It’s not enough to think about what you want your end result to be in regard to your business, but you also have to know what steps you need to take to get you there. You’ve got to outline each one individually so you have a clear and concise path to follow. If you don’t, you’ll reduce the likelihood of actually getting where you intend to go.

Sometimes it helps to look at the steps in reverse order, that way they aren’t as overwhelming. Taking this backward approach also forces you to take an analytical look at your business without being inundated by emotion or feelings of “I can’t do this.”

Start with a vision of your successful future business and think backward about the steps you had to take to get you there. Break each one down as far as you can so that you don’t miss a step that could inevitably affect your success. Think about your budget, personnel, supplies, building needs, and anything else you’ll need to run a highly successful business and apply them accordingly.

How Your Business Will Be Structured

Creating a successful business is like building a structure. Every piece (boards, nails, and such) has to be in its proper place in order to be solid and strong. To achieve this requires that you put the right people in the right place within your company.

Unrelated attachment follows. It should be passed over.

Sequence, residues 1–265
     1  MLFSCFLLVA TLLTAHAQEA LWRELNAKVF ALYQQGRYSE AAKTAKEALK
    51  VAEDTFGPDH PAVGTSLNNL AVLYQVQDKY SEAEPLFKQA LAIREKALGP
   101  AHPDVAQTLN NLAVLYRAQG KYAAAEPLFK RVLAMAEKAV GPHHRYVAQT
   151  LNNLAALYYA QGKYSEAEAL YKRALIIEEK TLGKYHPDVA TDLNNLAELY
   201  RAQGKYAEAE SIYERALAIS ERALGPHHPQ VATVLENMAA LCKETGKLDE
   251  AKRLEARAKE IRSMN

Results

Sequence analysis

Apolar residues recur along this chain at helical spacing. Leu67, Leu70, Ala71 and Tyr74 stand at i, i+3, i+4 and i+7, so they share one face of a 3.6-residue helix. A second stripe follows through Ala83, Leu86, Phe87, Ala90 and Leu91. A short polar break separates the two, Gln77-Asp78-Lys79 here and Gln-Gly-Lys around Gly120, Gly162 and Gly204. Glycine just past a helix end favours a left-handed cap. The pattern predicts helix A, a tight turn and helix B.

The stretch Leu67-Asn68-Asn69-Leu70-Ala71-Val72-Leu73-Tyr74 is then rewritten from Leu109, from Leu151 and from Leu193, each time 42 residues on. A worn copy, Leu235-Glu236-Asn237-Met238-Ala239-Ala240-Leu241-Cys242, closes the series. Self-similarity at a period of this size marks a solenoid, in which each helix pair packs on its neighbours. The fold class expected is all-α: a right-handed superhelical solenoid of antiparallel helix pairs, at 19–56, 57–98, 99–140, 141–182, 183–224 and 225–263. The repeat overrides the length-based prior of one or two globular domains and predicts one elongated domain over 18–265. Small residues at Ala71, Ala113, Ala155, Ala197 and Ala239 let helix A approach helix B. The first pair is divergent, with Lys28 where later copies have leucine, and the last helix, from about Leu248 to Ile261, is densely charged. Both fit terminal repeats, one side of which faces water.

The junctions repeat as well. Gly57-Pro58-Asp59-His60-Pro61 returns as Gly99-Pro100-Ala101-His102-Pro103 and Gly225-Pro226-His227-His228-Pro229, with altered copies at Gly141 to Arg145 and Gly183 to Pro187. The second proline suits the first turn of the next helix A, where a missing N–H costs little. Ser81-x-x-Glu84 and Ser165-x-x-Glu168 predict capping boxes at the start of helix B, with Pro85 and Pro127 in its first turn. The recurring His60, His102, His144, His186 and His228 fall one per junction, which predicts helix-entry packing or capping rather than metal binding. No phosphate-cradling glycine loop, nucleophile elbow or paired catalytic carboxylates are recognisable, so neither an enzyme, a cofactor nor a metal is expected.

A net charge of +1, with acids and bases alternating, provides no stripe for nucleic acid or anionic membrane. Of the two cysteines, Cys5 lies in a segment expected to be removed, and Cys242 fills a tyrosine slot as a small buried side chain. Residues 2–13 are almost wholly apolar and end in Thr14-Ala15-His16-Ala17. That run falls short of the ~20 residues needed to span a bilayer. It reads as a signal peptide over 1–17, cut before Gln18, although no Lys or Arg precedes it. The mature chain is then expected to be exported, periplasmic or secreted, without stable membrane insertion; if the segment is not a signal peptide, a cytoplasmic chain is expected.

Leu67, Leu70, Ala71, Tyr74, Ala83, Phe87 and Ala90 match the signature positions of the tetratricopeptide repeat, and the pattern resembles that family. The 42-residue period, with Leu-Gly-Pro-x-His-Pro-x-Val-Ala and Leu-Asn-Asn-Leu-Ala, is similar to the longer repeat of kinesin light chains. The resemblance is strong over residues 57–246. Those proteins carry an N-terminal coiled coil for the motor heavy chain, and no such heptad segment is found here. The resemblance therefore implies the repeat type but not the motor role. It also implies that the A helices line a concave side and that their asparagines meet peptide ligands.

To help you do this, you’ll want to answer the following questions:

  • What positions do you need to create in your company to run as fluidly as possible?
  • What duties will each position be responsible for?
  • What type of qualifications should each person have for each role?
  • Where will you find the people who will fit the roles best?
  • What is your hiring and firing process?

Deciding the structure of your business and who to put where can mean the difference between creating a business that flounders under the pressure and one that withstands any element it is subjected to. In other words, the more you know who you are looking for, the easier it will be to spot them when they appear before you.

Specific Financial Projections

Setting specific financial projections gives you a gauge by which you can measure your success. For instance, if your financial projections are close to the $1 million mark and you’ve managed to barely clear $100,000, then you know that something is off and readjustments need to be made.

How do you project your financial future? You look at market trends to develop a basic idea of what you can expect, but you can also delve into your competitor’s public records to get a clearer view too. This is extremely important if you will be requesting money from a financial institution or investor because they’re going to want to know how you plan to make good on the money they give to you.

Developing a business plan definitely takes time and effort, but as long as you have all of the key elements it is time and effort well spent!



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by Christina DeBusk // Freelance writer, author, and small business consultant committed to helping entrepreneurs achieve higher levels of success.

Opinions expressed by contributors are their own.